Mike Birbiglia’s directorial debut is a Portrait of the Comedian as an Awkward Stand Up. Throughout the film, we witness Birbiglia’s dramatic surrogate, Matt Pandamiglio, slowly transition from telling stiff, half-baked jokes to weaving insightful and humorous anecdotes based on his life and relationships. The problem? As his comedic voice flourishes, his relationship with his long-term girlfriend (Lauren Ambrose) begins to rapidly disintegrate. Based on Birbiglia’s one-man Broadway show of the same name as well as his first book, Sleepwalk with Me is a small movie but an effective and poignant one nonetheless. In a Reddit AMA with co-producer Ira Glass, one user even informed the This American Life host that seeing the movie with his wife led to them addressing their long-dormant problems and ending their marriage that very night.
Directed by the legendary Mike Nichols, this adaptation of Patrick Marber’s award-winning play of the same name is a scathing, cynical sneer at modern-day relationships, starring a quartet of some of the most hateful, insensitive characters ever put to film. Needless to say infidelities, broken trust and shattered promises abound. Natalie Portman earned her first Oscar nomination as perhaps the most innocent and naïve of the four (who just happens to be a stripper). Clive Owen, however, shines as the crass, boorish dentist prone to proclaiming whatever pops into his sick mind (he’s also probably the most honest one in the group). A venomous Valentine if there ever was one, Closer remains one of the worst first-date movies ever made.
As with several entries on this list, Woody Allen’s 1992 domestic drama was overshadowed by behind-the-scenes drama. Prior to the film’s release, Allen’s relationship with longtime partner (and co-star) Mia Farrow went up in smoke after it was revealed that he’d been engaging in a sexual affair with her 19-year-old adopted daughter. With this news still fresh in the tabloids, the narrative, which displays marital discord in all its ugly glory, inevitably invited real-life parallels. Allen’s use of handheld, documentary-like camerawork only serves to highlight the bleakness and harsh reality of the situation. While films such as Annie Hall and Manhattan will always stand as major apexes in Allen’s career, Husbands & Wives serves as an underrated masterpiece in his lengthy filmography.
For most, the name David Lean evokes images of sprawling, three-plus hour epic masterpieces such as Lawrence of Arabia or The Bridge Over River Kwai. Yet perhaps one of the British’s director’s most powerful outings is a small-scale movie about a doomed relationship that barely clocks in under 90 minutes. Celia Johnson stars as a bored British housewife who finds herself drawn to a married doctor that she meets at a train station. Over the course of several weeks, the two soon realize their relationship and attraction to each other is far from innocuous. Based on a one-act play by Noël Coward, Brief Encounter paints a dreary look at traditional British marriages and examines the depressing concept of knowing that the one you truly love might have been yours under different circumstances.
No one does angst-ridden relationship dramas quite like Sweden’s Ingmar Bergman. This one is no exception. Made on a shoestring budget and featuring Bergman’s trademark penchant for claustrophobic close-ups and long, soul-baring monologues, the original Swedish TV miniseries ran almost five hours in length. Released as a three-hour cut in U.S. cinemas, the film still proved to be a gut-wrenching examination of a failed marriage. Funny enough, the film becomes notorious in its home country when, in the wake of its release, there was a rapid spike in Scandinavian divorce rates.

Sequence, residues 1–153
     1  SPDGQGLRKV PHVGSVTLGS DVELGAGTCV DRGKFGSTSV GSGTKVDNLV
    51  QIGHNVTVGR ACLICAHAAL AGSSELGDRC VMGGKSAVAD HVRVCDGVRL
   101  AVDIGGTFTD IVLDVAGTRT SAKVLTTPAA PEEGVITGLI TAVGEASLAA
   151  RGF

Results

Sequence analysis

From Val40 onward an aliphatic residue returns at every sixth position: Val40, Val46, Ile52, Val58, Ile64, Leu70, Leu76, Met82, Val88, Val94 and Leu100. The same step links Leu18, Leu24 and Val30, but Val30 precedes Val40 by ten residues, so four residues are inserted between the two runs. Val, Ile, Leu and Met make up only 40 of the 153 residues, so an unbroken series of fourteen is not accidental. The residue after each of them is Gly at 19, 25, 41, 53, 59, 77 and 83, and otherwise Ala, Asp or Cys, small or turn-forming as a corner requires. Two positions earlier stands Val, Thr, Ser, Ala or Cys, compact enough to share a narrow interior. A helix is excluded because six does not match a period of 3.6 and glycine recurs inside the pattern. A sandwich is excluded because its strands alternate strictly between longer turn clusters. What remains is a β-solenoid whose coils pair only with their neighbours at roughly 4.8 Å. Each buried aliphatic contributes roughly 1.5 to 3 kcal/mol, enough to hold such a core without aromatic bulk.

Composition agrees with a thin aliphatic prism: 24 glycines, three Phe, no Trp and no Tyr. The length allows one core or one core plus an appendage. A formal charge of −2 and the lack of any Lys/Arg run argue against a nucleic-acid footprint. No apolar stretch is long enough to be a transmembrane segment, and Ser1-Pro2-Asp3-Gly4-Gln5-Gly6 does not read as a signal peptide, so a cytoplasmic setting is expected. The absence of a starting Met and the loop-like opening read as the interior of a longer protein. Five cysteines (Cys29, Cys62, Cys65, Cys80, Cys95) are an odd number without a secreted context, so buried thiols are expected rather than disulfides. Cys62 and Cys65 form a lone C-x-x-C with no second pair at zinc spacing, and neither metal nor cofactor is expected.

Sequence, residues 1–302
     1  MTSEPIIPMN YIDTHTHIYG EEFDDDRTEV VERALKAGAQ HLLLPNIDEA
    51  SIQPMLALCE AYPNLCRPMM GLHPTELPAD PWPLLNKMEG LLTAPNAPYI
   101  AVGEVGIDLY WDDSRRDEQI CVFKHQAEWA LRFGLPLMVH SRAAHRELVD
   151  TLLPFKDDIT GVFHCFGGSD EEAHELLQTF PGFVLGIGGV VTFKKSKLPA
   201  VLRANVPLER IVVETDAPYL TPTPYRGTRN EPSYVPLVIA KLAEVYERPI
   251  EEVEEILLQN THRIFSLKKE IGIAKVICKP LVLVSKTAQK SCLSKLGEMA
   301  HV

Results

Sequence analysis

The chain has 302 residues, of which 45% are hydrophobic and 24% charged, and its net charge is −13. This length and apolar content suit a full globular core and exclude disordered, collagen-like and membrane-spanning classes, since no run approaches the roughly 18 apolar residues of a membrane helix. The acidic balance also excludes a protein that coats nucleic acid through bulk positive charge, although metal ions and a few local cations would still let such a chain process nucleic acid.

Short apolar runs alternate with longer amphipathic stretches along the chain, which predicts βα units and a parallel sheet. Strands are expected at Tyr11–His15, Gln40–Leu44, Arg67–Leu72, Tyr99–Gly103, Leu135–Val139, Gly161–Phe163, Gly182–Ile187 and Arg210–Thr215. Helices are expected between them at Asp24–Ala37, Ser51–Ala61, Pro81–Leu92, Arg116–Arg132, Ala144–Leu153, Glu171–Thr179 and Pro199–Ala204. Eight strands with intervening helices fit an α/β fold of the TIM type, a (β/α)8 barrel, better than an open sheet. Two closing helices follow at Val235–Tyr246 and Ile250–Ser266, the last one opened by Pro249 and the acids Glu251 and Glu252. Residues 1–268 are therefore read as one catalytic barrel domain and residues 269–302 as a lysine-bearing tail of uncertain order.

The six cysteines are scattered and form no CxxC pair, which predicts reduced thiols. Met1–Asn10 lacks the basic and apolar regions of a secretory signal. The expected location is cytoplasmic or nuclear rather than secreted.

Blue Valentine is actually two movies. In one, Dean (Ryan Gosling) and Cindy (Michelle Williams) are two lost souls who find solace in each other’s company. Cindy has emotional baggage stemming from familial trauma whereas Dean is the charming free spirit ready to make the pain go away. When Cindy finds herself pregnant, Dean becomes her emotional support and the two eventually decide to marry. This tale of young love is juxtaposed sharply against the future versions of Dean and Cindy—aged, tired and weary beings who are mere shells of their former exuberant selves. The child, which originally drove them together, now appears to be the last remaining link in their deteriorating relationship. Though one can easily find signs of impending disaster in the early scenes, it does not make watching the slow but inevitable collapse of their marriage any less traumatizing.
Yes, yes, between landing a high spot on Paste’s Top 50 Films of the Decade list as well as one on The 50 Movies on Netflix Instant list, it seems like there should be some kind of penalty box reserved for Eternal Sunshine. To that I say — can’t fault a masterpiece for being too good.
Unlike other entries in the list, Eternal Sunshine begins with the signature couple already broken up and heart broken. Desperate to rid himself of the memories of the break-up (and, by extension, the pain), Joel enlists a company that specializes in wiping away such memories. Of course, in the middle of the procedure, Joel realizes that some memories are worth holding onto, regardless of the hurt. Though much of the film has Joel and Clementine yearning for each other in their own ways, it’s the story’s conclusion that potentially turns this cerebral romantic dramedy into a cosmic tragedy.
While we, as viewers, want more than anything for the oddball coupling of Jim Carrey’s reserved Joel and Kate Winslet’s vivacious Clementine to work itself out, the fact remains that we’ve seen that the two are woefully incompatible in the long run. Thus, though the end leaves the couple with the optimistic hope that they can turn their situation around, the film’s final shot appears to tell a different story. As credits roll, we see Joel and Clementine frolicking around in the snow. Then the image is repeated again. And again. And again. While director Michel Gondry has stated that he had no grand intention, the repetition of the shot carries an unmistakable implication: Joel and Clementine are trapped in a Sisyphean cycle wherein they break up, wipe their minds then repeat the same process over and over again. Writer Charlie Kaufman’s original draft, which shows an elder Joel and Clementine meeting each other “for the first time” once again, leads some credence to the argument. Whatever the real story, Eternal Sunshine of the Spotless Mind has safely secured itself as a modern day classic, even if it’s not the cheeriest movie for a romantic movie-night.